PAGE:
Let’s use a lego brick to represent a unit of time. Let’s give each of our learning methods 10,000 hours. That’s the amount of time generally accepted to be what it takes to become an expert at something.
Let’s say that this frame represents the range of art that you can make, and hypothetically, if you were able to fill this frame, you would unquestionably be the greatest artist in the world.
Let’s give our muscle memory guy some time to practice his art. He wants to create art like one of his favorite artists, perhaps a cartoonist. Now he doesn’t really understand why his favorite artist does what he does, he doesn’t really understand the decisions that he needs to make, but he can produce a pretty decent imitation. As time goes on, he spends more and more time specifically working on cartoons.
Eventually, after this relative 10,000 hours, he arrives, able to produce a *pretty* good cartoon character. His friend comes up to him and says, “hey man, I hear you’re an artist.”
Our little guy here, having spent 10k hours perfecting his craft, drawing the same things over and over and over and over says, quite confidently,
“Yes, yes I am.”
“Awesome!” says his friend, “Can I pay you to draw me a car?”
Well at this point, our little guy has built his skills up in one area specifically. But on the spectrum of artistic range, that car is going to probably be about here.
Have you ever felt like you could draw one thing so well, yet completely fail at something else?
I absolutely have. I spent close to 10,000 hours drawing one way and learning little. You might make the assumption that an artist that can draw a car, and an artist that can draw a cartoon character, are just different kinds of artists. But that doesn’t need to be the case. This is why:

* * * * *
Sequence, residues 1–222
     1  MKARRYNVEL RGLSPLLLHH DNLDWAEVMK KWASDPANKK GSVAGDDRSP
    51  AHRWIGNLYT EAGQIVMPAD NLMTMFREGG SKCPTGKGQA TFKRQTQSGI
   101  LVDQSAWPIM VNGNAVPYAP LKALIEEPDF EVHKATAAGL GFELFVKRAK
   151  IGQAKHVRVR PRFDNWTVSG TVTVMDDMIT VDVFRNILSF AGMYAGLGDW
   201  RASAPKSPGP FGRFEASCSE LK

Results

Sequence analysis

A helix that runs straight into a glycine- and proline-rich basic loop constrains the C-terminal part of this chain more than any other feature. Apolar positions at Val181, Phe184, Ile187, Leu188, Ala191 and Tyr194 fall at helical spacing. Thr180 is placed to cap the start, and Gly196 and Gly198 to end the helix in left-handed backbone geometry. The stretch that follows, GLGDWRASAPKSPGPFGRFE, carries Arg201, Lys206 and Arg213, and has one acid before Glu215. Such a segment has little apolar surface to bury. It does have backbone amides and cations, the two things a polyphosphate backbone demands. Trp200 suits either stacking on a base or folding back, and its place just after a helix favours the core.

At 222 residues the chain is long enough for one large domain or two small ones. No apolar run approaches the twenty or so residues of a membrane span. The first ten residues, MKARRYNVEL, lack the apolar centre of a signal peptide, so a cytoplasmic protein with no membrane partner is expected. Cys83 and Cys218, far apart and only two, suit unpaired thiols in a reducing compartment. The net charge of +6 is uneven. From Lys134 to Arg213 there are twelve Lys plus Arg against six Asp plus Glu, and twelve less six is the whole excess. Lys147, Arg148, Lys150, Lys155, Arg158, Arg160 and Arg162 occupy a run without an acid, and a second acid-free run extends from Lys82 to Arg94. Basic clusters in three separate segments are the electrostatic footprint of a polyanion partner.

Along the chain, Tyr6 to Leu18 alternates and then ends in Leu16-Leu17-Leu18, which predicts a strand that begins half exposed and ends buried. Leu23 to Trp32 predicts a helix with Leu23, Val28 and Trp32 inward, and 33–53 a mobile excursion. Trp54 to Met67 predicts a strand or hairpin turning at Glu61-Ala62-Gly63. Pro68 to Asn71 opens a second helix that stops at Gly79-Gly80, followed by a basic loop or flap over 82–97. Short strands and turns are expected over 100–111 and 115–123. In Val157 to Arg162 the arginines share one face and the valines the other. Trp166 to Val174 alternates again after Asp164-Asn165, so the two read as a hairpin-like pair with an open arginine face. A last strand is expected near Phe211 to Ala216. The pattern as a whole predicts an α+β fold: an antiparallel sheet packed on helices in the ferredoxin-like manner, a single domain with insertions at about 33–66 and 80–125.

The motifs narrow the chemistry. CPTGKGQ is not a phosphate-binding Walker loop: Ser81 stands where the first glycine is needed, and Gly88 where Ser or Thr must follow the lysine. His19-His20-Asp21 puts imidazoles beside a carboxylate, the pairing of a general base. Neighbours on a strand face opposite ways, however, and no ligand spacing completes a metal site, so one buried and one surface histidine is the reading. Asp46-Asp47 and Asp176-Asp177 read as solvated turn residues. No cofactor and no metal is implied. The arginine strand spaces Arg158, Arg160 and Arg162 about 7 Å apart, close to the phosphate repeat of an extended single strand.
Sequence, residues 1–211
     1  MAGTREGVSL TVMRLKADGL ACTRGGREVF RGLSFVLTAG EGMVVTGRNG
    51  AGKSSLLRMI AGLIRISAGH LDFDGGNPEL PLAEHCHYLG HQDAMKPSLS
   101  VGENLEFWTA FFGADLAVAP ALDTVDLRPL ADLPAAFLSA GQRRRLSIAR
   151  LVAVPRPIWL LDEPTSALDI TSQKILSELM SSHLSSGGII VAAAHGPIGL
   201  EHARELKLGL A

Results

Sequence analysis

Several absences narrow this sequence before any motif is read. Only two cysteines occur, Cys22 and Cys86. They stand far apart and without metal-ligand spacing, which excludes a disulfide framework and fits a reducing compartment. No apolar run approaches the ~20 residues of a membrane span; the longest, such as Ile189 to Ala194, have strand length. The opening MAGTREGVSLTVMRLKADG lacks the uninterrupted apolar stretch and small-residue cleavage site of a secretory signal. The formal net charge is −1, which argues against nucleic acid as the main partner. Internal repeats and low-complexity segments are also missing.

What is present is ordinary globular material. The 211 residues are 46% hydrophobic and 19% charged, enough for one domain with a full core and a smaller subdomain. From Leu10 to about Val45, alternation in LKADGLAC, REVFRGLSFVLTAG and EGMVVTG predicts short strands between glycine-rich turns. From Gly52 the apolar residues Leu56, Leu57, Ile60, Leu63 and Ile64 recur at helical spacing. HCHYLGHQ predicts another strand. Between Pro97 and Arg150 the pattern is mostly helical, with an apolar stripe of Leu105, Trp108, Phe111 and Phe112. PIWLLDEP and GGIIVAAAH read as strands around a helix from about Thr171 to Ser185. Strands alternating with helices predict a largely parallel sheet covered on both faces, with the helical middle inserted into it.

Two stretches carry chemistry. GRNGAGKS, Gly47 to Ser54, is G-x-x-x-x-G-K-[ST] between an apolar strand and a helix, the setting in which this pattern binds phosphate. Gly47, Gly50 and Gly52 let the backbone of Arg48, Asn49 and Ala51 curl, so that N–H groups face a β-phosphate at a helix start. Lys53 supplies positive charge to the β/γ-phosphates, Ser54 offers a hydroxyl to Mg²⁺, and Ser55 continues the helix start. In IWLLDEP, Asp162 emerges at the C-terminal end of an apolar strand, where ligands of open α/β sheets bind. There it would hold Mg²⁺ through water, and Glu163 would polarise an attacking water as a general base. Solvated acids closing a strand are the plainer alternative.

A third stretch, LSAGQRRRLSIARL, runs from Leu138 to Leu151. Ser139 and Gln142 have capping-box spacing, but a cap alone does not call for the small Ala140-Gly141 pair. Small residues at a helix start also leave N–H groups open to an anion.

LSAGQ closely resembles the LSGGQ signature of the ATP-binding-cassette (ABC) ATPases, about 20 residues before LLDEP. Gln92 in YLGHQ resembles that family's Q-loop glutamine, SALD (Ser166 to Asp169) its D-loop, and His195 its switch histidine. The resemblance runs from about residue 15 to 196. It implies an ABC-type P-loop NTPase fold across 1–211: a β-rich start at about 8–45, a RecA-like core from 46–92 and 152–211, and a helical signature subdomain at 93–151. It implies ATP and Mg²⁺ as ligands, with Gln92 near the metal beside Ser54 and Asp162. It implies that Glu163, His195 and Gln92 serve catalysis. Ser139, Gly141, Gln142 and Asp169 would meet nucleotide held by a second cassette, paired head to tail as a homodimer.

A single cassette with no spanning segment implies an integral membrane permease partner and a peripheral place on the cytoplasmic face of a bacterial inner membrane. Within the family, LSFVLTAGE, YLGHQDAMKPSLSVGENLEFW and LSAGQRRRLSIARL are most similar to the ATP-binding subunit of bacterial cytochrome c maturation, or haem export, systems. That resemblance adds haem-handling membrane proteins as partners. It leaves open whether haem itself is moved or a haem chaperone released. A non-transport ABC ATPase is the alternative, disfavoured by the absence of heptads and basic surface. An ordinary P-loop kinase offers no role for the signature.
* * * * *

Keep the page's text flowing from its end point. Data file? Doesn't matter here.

Here is our foundational learning method. Without rushing through the beginning and instead taking his time, this little guy begins to build up his fundamental skills. Along with his practice, he’s building an understanding for why things are the way they are.
At times, it’s boring. It’s tedious. It’s not coming easy to him. This many hours in, our muscle memory learner was halfway up the frame, but this doesn’t discourage our foundational guy. Once he has a fairly good grasp on these concepts, he starts to draw what he likes. He spends more time perfecting specific areas of his learning. He starts to hone in on what he likes to do best.
Now his friend comes up to him and asks,
“I heard you’re an artist. Could you draw a car for me?”
Same as our previous guy, this artist has never drawn a car before. But look where that car lands on his range of skill. The distance for him to grapple to is is a lot closer than it is for our muscle memory artist.
When it comes to learning and improving your drawing, realistically you’re going to incorporate both of these methods. The foundational method may take longer, it may make you feel like you’re not producing what you’d like to as quickly as you’d like to, but it truly does enable you to create anything once you have an understanding of it.
Be careful not to fall into a groove of comfort, and break out of that every once in awhile, and make sure to question your reasons for doing what you do and attempt to understand the principles while you’re drawing.
Have fun creating!